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Understanding circular economy – a key ESG imperative

The ways in which businesses function and execute their operations have changed as the global economy has undergone major transformations in the past few years. Organisations today are shifting towards adopting circular economy and engaging in sustainable practices that are environment friendly. In the fifth episode of PwC’s ‘ESG: A bridge to action’, in association with Moneycontrol, leaders deliberate upon the concept of circular economy and its impact on the long-term ESG goals of organisations. 

Shivanshu Chauhan, Partner, ESG – Circular Economy, PwC India, and Mohit Malhotra, CEO, Dabur India, were the guests who discussed circular economy and its impact in detail. Dr Rupinder Singh Sodhi, Managing Director, GCMMF (Amul), in an exclusive message before the beginning of the episode, reiterated the importance for organisations to be energy efficient and sustainable. Citing the example of dairy plants, Dr Sodhi said that such plants are capable of producing biogas and bio-fertilisers. He also said that manufacturing processes should be environmentally sustainable as all products nowadays undergo the scrutiny of sustainability, which will eventually become the measurement of efficient manufacturing practices in future.

Explaining circular economy and its relationship with ESG, Shivanshu Chauhan said that unlike linear economy in which a lot of resources are utilised and a significant amount of wastage is generated, circular economy minimises waste generation and maximises value creation, leading to reduced extraction of resources and more increased reusing/recycling of materials. With policy and regulatory measures on circular economy gradually being developed and implemented, and conversations about the subject becoming mainstream, organisations are able to focus better on their ESG goals. The pressures of finite resources and shifting demographics faced by organisations can be addressed by shifting to circular economy aided by technology, and PwC’s ESG services can assist them during the transition.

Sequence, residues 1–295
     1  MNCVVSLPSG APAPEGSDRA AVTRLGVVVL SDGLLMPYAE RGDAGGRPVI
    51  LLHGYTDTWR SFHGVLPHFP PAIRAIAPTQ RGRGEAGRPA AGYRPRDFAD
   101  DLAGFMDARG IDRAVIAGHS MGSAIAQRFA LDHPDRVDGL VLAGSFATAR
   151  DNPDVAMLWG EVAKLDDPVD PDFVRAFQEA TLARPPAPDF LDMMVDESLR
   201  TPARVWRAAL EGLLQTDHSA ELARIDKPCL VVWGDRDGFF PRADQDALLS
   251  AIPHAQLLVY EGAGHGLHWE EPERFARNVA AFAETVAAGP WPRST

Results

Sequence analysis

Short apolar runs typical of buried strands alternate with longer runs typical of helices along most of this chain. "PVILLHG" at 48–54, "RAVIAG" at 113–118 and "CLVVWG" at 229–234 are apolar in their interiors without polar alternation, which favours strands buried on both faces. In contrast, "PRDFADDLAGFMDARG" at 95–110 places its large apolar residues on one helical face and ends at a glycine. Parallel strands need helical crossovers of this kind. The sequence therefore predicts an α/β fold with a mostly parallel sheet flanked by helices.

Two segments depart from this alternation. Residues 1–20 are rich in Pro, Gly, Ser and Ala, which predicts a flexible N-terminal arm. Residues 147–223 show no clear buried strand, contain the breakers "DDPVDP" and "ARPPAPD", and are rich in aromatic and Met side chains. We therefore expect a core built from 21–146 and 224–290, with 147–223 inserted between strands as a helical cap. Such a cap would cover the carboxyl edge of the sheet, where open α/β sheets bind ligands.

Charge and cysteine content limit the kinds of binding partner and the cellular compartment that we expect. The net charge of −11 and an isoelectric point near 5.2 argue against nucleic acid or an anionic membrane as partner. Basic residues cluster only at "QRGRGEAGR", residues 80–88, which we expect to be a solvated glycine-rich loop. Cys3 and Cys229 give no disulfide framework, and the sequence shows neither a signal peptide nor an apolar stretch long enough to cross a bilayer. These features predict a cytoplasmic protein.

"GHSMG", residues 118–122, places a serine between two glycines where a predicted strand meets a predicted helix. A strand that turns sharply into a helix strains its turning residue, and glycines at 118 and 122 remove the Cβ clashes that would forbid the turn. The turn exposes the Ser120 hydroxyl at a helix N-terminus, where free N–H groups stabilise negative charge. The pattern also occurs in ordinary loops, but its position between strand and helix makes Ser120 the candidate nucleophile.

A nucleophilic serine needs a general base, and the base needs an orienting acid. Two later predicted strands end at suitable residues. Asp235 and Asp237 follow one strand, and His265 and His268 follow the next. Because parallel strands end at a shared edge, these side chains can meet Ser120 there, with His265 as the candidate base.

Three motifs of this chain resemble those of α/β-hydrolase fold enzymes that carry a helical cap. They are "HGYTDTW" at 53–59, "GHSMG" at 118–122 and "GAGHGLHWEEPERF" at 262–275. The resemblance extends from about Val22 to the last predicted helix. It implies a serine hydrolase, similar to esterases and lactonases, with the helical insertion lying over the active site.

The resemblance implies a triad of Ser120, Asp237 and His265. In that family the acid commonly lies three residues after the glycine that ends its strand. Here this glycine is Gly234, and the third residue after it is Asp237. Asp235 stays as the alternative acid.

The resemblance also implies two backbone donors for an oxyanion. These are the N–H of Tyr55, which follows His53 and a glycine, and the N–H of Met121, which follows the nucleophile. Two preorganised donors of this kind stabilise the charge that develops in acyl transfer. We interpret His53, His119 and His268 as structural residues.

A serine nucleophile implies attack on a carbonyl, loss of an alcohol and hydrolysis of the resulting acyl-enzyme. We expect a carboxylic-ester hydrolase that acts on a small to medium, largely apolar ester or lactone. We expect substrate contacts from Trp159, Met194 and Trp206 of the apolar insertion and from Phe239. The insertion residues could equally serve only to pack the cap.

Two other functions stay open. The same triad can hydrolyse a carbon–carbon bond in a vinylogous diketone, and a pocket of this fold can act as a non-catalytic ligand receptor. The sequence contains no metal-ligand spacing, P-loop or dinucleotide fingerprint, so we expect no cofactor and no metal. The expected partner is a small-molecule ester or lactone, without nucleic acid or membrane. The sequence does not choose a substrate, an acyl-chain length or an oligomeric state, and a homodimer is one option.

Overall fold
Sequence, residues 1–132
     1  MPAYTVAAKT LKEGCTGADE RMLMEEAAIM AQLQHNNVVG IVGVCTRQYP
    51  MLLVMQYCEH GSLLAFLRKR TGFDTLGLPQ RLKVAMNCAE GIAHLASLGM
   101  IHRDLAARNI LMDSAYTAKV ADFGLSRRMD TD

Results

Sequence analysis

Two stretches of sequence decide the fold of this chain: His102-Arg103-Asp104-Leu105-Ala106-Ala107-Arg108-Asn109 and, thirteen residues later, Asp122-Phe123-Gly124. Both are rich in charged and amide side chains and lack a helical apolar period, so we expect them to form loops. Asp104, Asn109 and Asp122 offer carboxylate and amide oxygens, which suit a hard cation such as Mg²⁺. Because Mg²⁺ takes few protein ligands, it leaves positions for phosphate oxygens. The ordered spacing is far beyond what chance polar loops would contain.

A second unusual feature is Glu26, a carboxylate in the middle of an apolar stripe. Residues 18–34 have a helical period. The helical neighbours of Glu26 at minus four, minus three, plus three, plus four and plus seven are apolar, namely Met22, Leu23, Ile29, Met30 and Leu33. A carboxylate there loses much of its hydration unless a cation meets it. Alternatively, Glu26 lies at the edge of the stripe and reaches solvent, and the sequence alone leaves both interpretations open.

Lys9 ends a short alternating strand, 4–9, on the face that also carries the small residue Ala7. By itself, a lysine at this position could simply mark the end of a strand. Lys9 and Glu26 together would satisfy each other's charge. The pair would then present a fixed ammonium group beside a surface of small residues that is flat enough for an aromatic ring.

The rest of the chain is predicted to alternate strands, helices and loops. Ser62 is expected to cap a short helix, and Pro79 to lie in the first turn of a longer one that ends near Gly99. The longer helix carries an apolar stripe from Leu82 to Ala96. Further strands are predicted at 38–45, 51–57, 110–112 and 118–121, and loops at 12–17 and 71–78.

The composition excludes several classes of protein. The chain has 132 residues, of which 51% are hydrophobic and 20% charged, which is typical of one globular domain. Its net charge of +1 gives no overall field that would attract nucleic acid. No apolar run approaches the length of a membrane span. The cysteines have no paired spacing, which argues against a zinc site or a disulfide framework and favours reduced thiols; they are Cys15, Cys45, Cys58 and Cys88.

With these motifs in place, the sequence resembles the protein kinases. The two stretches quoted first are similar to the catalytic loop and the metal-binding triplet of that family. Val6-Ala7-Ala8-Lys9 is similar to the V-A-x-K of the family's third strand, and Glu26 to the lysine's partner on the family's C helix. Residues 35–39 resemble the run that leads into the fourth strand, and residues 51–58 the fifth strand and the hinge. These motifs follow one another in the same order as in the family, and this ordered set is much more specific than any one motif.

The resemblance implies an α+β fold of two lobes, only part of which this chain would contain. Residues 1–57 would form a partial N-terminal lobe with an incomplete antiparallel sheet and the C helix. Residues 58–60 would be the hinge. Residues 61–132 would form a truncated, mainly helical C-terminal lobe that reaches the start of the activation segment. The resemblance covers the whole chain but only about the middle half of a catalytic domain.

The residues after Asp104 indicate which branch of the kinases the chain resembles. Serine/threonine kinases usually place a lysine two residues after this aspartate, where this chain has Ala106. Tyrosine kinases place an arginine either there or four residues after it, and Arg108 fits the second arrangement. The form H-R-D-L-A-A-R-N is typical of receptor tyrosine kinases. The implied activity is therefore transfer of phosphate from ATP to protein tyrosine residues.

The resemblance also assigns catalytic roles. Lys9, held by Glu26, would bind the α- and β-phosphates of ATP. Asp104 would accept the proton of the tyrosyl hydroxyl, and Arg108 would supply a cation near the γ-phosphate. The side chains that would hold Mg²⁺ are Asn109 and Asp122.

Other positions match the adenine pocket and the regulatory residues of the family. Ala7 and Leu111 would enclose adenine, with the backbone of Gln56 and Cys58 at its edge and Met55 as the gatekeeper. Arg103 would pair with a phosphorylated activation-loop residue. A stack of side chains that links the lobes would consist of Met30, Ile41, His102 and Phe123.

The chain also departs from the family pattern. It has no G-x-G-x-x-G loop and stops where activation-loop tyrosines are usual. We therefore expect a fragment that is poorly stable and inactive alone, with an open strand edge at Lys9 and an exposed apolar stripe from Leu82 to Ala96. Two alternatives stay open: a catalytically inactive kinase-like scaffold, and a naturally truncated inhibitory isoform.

Discussing the incorporation of circular economy in Dabur’s operations, Mohit Malhotra said that the organisation is committed to waste management and recycling, and believes in the larger agenda of being responsible towards the planet and not merely adhering to ESG regulations. Dabur aims to become a plastic waste neutral organisation in 2022 and plans to recycle the 22,000 metric tonnes of plastic waste it generates every year.

Mohit Malhotra also reiterated the importance of involving communities for an organisation’s successful transition to ESG. Citing the example of Dabur, he said that the company ran a plastic waste management programme which is now operational across 27 states. Pilot projects are a good way of executing such ideas and addressing operational loopholes, if any. Working directly with stakeholders as well as organisations like PwC which provide ESG services have ensured a smooth and sustainable ESG transition.

Deliberating upon the cost aspect of ESG transition, Shivanshu Chauhan said that sustainability should be seen from the lens of value and not cost. The social, environmental and future cost of ESG transition should be considered and circularity creates more value for stakeholders, making them more resilient. From prioritising inputs to recycling and reusing waste, corporates today are doing more responsible and sustainable business. While there may be a significant cost involved in ESG transition, corporates should look at it from the perspective of long-term value.

Mohit Malhotra also identified consumer behaviour as a critical enabler of ESG. Urban Indian millennials and centennials are buying sustainable products to encourage corporates’ sustainability efforts. However, the real challenge would be to cater to the rural consumers at the bottom of the pyramid. India’s ESG transformation would only be possible on a larger scale when both rural and urban consumers help corporates in their sustainability journey.

Consumer acceptance as well as a functional return-on-investment (RoI) structure play important roles in a circular economy. Products and services that provide environmental, social and economic benefits will find more traction with improvement in the spending capacity of consumers and an improved understanding of sustainability.

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